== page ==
Via the Daily Beast, a clip that’s surprising in lots of ways — starting with the fact that F&F is famously one of the most pro-Trump shows on Fox. This isn’t Shep’s midday Hour of Glower. This is the program that used to have Citizen Trump call in every week before he became a candidate and riff for 45 minutes on the news du jour.

It’s surprising in that the subject matter is bad for POTUS no matter how happy a spin the hosts might try to put on it. “School construction among projects being cut to pay for Trump’s border wall” is a poisonous headline even when it comes with the footnote that the Pentagon plans to fund those projects eventually. Ainsley Earhardt does her best in the clip to bail Trump out, noting that if House Democrats are so bothered by military schools not being funded they can just pony up the dough to do so. But that would be tantamount to funding the wall directly: If Trump reprograms X number of defense dollars for the wall and Dems then replace that money in the defense budget, they’ve effectively cut Trump a check for the wall itself with the Pentagon as a middleman. They’d have rewarded him for his hardball tactic of reappropriating money for the wall unilaterally on national-emergency grounds over Democratic objections.

It’s surprising too that Brian Kilmeade and Steve Doocy are so skeptical of the “Mexico will pay for it” nonsense given that, at last check, it remains Trump’s official position. He’s spent two years backing away from the idea of the president of Mexico presenting him with a six-foot-long sweepstakes check for $25 billion or whatever, but his desperation to be seen as having kept a core promise to fans has led him to claim that Mexico will pay for the wall — either through fairer trade via the USMCA, through taxes on remittances, or what have you. To have “Fox & Friends,” of all shows, openly scoffing at the idea in front of an audience of Trump fans is shocking. The president hasn’t given friendly media permission to tell the truth about this!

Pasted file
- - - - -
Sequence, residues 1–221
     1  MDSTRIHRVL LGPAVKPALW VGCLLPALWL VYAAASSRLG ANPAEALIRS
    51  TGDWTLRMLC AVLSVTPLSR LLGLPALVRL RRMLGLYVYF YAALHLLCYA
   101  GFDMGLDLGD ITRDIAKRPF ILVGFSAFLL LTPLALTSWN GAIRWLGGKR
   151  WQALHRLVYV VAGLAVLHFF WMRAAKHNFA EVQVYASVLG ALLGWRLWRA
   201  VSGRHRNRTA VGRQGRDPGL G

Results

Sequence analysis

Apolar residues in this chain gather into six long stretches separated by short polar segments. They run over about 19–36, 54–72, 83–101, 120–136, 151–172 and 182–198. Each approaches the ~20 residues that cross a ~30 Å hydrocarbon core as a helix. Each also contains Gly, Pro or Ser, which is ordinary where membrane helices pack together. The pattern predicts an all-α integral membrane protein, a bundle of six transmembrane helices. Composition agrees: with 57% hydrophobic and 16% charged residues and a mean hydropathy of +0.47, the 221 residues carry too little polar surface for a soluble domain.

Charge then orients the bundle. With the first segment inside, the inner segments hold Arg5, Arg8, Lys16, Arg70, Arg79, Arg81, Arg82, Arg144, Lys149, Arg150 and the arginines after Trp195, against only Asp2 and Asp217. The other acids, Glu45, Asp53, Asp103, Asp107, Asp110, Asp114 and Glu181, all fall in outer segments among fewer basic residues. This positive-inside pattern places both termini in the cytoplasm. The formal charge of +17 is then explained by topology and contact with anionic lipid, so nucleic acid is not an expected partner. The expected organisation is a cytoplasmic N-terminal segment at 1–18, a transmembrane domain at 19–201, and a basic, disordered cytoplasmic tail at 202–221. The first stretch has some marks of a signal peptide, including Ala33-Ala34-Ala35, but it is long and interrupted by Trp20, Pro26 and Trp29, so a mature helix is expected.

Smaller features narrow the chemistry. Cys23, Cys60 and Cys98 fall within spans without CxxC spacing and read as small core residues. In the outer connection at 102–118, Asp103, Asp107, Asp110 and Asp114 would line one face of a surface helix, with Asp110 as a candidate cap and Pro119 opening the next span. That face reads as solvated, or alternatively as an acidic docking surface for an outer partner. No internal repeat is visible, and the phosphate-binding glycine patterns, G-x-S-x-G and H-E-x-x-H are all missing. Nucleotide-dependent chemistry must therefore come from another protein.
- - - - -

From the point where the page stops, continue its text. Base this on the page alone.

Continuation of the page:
Maybe most surprising is that Fox hosts who usually enjoy his favor are willing to risk his wrath at a moment when tensions between Trump and the network are higher than they’ve been since the start of the GOP primary debates in 2015. It was Kilmeade, in fact, who pressed Trump about that in a radio interview last week, asking him why he had a problem with Fox airing diverse viewpoints. Trump dodged the question and Kilmeade didn’t pursue it, but if F&F is now willing to call BS on the idea of Mexico paying for the wall, maybe the word has gone out to Fox hosts that they have a freer hand than they used to in questioning Trump dogma. For the moment, I mean: It’ll be high treason for them to reiterate this point on air a year from now, when the political stakes will be as high as they can get.